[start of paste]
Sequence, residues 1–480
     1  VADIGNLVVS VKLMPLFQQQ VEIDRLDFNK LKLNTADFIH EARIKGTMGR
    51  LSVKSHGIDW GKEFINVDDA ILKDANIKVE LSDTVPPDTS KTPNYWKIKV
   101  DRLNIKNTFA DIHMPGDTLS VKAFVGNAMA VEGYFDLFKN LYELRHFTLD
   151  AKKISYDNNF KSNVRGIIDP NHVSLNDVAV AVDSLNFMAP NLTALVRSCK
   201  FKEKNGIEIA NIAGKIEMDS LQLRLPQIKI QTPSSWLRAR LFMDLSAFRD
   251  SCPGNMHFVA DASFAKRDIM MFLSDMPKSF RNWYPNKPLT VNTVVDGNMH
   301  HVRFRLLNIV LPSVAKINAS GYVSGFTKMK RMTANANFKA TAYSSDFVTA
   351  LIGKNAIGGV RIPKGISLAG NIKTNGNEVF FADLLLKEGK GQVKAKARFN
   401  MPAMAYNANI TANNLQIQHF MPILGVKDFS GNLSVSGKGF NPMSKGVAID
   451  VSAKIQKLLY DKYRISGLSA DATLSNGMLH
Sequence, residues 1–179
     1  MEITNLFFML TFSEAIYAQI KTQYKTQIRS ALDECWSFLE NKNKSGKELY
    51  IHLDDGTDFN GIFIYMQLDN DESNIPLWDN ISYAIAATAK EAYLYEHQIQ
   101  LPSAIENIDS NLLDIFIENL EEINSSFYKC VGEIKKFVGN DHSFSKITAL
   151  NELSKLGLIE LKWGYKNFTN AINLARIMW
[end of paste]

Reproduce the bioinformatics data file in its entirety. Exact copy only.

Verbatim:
Sequence, residues 1–480
     1  VADIGNLVVS VKLMPLFQQQ VEIDRLDFNK LKLNTADFIH EARIKGTMGR
    51  LSVKSHGIDW GKEFINVDDA ILKDANIKVE LSDTVPPDTS KTPNYWKIKV
   101  DRLNIKNTFA DIHMPGDTLS VKAFVGNAMA VEGYFDLFKN LYELRHFTLD
   151  AKKISYDNNF KSNVRGIIDP NHVSLNDVAV AVDSLNFMAP NLTALVRSCK
   201  FKEKNGIEIA NIAGKIEMDS LQLRLPQIKI QTPSSWLRAR LFMDLSAFRD
   251  SCPGNMHFVA DASFAKRDIM MFLSDMPKSF RNWYPNKPLT VNTVVDGNMH
   301  HVRFRLLNIV LPSVAKINAS GYVSGFTKMK RMTANANFKA TAYSSDFVTA
   351  LIGKNAIGGV RIPKGISLAG NIKTNGNEVF FADLLLKEGK GQVKAKARFN
   401  MPAMAYNANI TANNLQIQHF MPILGVKDFS GNLSVSGKGF NPMSKGVAID
   451  VSAKIQKLLY DKYRISGLSA DATLSNGMLH
Sequence, residues 1–179
     1  MEITNLFFML TFSEAIYAQI KTQYKTQIRS ALDECWSFLE NKNKSGKELY
    51  IHLDDGTDFN GIFIYMQLDN DESNIPLWDN ISYAIAATAK EAYLYEHQIQ
   101  LPSAIENIDS NLLDIFIENL EEINSSFYKC VGEIKKFVGN DHSFSKITAL
   151  NELSKLGLIE LKWGYKNFTN AINLARIMW